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Talk:Industry:Project Review/NIST SP 800-37r1 FPD Appendix F

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"a risk assessment, privacy impact assessment, system interconnection agreements, contingency plan, security configurations, configuration management plan, incident response plan, and continuous monitoring strategy"

None of the links seem to provide a clear definition and requirements for each of these items. Does it exist? If not, I would think it would make for much more streamlined and complete security package submissions -Wade Woolwine

"(i) a vulnerability scan of the information system or vulnerability assessment of the environment of operation; (ii) new threat information; (iii) weaknesses or deficiencies discovered in currently deployed security controls after an information system breach; (iv) a redefinition of mission priorities or business objectives invalidating the results of the previous security categorization process; and (v) a change in the information system (e.g., adding new hardware, software, or firmware; establishing new connections) or its environment of operation (e.g., moving to a new facility)."

Should this specifically call out new code drops for custom applications? Software is listed as part of (v) but doesn't do much to call it out specifically. -Wade Woolwine


Authorization to Operate

Denial of Authorization to Operate



In the second paragraph of page F-7 a definition is offered for significant change, the text reads "A significant change is defined as a change that has the potential to affect the security state of an information system." This definition is overbroad and includes almost any activity on a computer as all activity has the potential to affect the security state of the system. The threshold should be raised to either "a change that is likely to affect" or "a change that has the potential to significantly affect". Dan Philpott 04:36, 9 December 2009 (UTC)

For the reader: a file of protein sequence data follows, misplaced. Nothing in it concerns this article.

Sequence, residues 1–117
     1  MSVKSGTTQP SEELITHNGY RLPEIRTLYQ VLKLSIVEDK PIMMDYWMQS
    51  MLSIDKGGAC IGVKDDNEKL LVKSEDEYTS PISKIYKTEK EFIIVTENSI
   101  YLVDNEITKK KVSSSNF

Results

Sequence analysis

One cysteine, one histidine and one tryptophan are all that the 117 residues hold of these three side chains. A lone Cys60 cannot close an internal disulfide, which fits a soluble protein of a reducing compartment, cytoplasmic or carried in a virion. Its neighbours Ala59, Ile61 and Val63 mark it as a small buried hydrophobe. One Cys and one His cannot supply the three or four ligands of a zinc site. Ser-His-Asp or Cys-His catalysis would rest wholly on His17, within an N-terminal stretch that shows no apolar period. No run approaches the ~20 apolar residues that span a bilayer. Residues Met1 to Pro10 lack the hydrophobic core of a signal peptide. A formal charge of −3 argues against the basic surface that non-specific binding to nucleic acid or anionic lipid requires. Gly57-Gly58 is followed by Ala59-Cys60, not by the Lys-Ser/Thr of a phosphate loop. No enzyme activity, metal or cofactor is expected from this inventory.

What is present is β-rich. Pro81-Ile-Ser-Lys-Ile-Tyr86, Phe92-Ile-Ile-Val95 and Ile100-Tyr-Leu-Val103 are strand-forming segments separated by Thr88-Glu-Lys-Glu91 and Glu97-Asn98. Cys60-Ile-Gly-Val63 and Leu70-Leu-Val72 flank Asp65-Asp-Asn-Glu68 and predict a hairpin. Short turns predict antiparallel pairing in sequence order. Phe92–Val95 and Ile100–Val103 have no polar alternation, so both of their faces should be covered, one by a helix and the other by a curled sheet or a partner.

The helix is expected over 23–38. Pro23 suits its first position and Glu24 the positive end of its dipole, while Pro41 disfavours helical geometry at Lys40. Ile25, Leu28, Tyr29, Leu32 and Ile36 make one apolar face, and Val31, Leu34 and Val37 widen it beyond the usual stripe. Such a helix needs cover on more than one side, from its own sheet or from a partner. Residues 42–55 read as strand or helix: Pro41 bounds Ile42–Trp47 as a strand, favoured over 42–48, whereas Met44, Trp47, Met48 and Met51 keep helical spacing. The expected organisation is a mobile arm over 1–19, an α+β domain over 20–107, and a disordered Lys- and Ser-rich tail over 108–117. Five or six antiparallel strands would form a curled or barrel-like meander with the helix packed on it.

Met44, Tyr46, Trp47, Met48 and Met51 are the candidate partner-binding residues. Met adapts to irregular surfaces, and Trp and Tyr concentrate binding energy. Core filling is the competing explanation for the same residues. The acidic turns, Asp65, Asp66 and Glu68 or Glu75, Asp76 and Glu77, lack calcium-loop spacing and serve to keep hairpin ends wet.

The risk with providing this definition and its illustrative examples can be to disincentivize improvements in security or functionality. NIST has previously not defined "significant change," leaving the decision to reauthorize after such a change entirely to the agencies' discretion. This has led many to consider that no change needs to rise to significance, largely to avoid reauthorization. Or agencies may delay valuable upgrades to avoid triggering the reauthorization process. Reauthorization should only be triggered in the event of a fundamental transfomation of the system's architecture, mission, or technology. The events cited in the draft appear routine and can be reasonably documented in the SSP and tested as part of the continuous monitoring process. Walter Houser 19:33, 19 December 2009 (UTC)

Text of the examples in the event-driven reauthorizations paragraph (page F-7) should reflect that the examples are only significant when they meet the threshold established in the definition of significant change. Otherwise misreading of the lines is likely to occur with the affect of causing unnecessary effort without worthwhile security gains. Dan Philpott 04:36, 9 December 2009 (UTC)


Footnote 63 should add the word can between "action include" unless the requirement is to always have both the Risk Executive (Function) and SISO/CISO provide input whenever the decision to initiate a formal reauthorization is made. This could cause unnecessary effort for an AO who is making the decision to initiate reauthorization for a system and reduce the likelihood it will occur. Dan Philpott 04:36, 9 December 2009 (UTC)